Below is a list of vaccines that were added to the recommended schedule, or for which the recommendation has changed significantly over the years:


For more information about recommended vaccinations, users may wish to review the WHO position papers. In 1999, the Strategic Advisory Group of Experts on Immunization (SAGE) was established to guide vaccination recommendations. SAGE meets twice a year to review information related to immunization and vaccine-related topics and to modify recommendations which are then reflected in the WHO vaccine position papers.

Below you can find links to position papers for vaccines relevant to the Demographic and Health Surveys:

Vaccine Position Papers
BCG 2007, 2004
Diphtheria 2006
Haemophilus influenzae type b 2013, 2006, 1998
Hepatitis B 2009, 2004
Japanese encephalitis 2015, 2006, 1998
Measles 2009, 2004
Mumps 2007, 2001
Pertussis 2015, 2010, 2005, 1999
Pneumococcal 2012, 2007, 2003
Polio 2016, 2014, 2010, 2006, 2003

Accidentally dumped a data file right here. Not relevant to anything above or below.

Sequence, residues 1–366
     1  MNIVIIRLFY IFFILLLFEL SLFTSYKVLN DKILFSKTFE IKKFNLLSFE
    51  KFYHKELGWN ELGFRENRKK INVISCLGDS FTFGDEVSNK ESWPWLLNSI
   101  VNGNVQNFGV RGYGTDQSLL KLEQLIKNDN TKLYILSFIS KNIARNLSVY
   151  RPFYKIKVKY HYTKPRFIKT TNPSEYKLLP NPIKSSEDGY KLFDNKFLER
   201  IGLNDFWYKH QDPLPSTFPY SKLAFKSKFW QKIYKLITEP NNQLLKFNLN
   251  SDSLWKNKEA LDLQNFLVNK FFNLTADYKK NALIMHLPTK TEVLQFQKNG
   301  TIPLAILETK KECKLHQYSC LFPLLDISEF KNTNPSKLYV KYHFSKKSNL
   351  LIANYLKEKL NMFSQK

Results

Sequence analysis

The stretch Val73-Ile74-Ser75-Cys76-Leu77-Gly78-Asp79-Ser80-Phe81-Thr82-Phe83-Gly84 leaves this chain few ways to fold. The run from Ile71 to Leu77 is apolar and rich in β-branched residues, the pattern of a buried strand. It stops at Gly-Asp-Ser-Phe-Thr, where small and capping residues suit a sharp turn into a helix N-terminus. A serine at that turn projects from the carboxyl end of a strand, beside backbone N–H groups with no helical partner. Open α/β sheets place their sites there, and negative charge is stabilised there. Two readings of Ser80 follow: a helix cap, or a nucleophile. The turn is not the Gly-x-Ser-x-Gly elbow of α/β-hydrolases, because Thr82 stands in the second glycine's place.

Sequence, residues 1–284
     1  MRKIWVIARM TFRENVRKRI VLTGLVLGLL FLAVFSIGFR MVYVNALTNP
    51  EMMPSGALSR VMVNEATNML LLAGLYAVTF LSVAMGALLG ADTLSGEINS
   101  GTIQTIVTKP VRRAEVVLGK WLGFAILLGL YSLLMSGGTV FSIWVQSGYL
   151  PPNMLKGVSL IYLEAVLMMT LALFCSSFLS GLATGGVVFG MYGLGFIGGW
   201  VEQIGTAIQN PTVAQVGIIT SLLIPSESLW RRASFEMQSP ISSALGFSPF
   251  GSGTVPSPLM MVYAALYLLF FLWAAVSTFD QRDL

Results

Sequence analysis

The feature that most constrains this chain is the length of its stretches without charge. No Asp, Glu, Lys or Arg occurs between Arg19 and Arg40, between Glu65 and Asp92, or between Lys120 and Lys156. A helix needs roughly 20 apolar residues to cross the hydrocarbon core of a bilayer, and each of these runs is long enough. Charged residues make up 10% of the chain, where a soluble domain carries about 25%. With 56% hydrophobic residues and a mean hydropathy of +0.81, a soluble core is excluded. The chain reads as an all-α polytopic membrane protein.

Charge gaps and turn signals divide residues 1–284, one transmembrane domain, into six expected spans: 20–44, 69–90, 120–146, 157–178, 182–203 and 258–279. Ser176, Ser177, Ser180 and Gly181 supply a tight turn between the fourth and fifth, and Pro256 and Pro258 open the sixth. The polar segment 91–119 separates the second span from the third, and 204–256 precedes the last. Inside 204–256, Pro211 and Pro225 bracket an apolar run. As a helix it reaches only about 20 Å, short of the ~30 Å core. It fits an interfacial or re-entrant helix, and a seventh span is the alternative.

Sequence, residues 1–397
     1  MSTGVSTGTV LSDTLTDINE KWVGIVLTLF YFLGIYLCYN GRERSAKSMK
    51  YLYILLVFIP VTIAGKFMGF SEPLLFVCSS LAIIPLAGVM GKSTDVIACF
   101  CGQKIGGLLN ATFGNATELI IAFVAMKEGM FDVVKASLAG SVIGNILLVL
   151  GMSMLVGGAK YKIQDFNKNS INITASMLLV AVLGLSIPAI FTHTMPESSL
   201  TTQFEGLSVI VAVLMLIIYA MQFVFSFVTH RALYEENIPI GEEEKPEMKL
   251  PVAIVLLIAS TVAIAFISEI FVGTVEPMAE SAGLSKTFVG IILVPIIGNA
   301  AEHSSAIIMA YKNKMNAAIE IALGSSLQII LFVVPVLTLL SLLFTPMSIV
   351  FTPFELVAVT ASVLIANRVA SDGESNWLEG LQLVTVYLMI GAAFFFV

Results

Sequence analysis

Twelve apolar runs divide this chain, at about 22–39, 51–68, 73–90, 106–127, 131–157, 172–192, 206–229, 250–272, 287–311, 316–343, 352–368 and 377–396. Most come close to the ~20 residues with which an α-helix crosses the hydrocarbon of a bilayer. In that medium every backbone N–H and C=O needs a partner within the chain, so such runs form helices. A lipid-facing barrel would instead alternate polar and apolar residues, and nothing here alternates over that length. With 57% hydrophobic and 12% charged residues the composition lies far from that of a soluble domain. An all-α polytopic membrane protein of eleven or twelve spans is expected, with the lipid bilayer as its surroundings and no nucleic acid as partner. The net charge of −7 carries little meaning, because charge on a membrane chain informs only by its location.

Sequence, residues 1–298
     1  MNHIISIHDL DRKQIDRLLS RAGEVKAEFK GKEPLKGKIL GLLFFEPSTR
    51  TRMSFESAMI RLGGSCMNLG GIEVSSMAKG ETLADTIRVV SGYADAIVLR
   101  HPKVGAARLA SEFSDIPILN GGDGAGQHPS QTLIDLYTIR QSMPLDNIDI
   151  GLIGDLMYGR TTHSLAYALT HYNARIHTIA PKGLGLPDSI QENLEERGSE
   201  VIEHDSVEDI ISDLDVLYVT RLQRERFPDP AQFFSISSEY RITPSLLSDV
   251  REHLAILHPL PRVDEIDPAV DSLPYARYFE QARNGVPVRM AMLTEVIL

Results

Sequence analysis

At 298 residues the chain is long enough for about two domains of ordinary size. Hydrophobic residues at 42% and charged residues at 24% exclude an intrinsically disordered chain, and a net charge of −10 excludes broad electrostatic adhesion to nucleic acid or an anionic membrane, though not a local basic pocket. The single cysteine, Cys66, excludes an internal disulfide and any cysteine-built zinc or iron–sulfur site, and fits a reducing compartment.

Rotavirus 2013, 2009, 2007, 2003, 1999
Rubella 2011, 2000
Tetanus 2006
Yellow fever 2013, 2003

For more information about the most recent WHO recommendations, see the "Summary of WHO Position Paper - Recommended Routine Immunizations for Children (updated September 2016)."


Country-Specific Vaccination Schedules

Because each country sets its own standards based on the Expanded Program on Immunization, we recommend users learn more about the vaccine schedules in place in the country of interest during the 3 to 5 years before the survey. The following chart indicates the year in which each country included in IPUMS-DHS introduced the given vaccine throughout the country. Users should be aware that countries often implemented a vaccine in one region of the country before expanding the coverage to the entire nation.

Country IPV HepB Hib HepB birth Pneum. Rota. MR MMR MCV2*
Afghanistan 2015 2006 2009 2014 2014 2018 2018 NA 2004
Angola 2017 2006 2006 2015 2013 2014 2018 NA 2015
Bangladesh 2015 2005 2009 NA 2015 NA 2012 NA 2012
Benin 2015 2002 2005 NA 2011 2018 2018 NA NA
Burkina Faso 2017 2006 2006 NA 2013 2013 2015 NA 2014
Burundi 2015 2004 2004 NA 2011 2013 2017 NA 2013
Cameroon 2015 2005 2009 NA 2011 2014 2017 NA 2018
Congo (DR) 2015 2007 2009 NA 2013 2018 NA NA NA
Cote d'Ivoire 2015 2003 2009 NA 2014 2017 NA NA NA
Egypt 2017 1992 2014 2015 NA NA 1999 1999 1999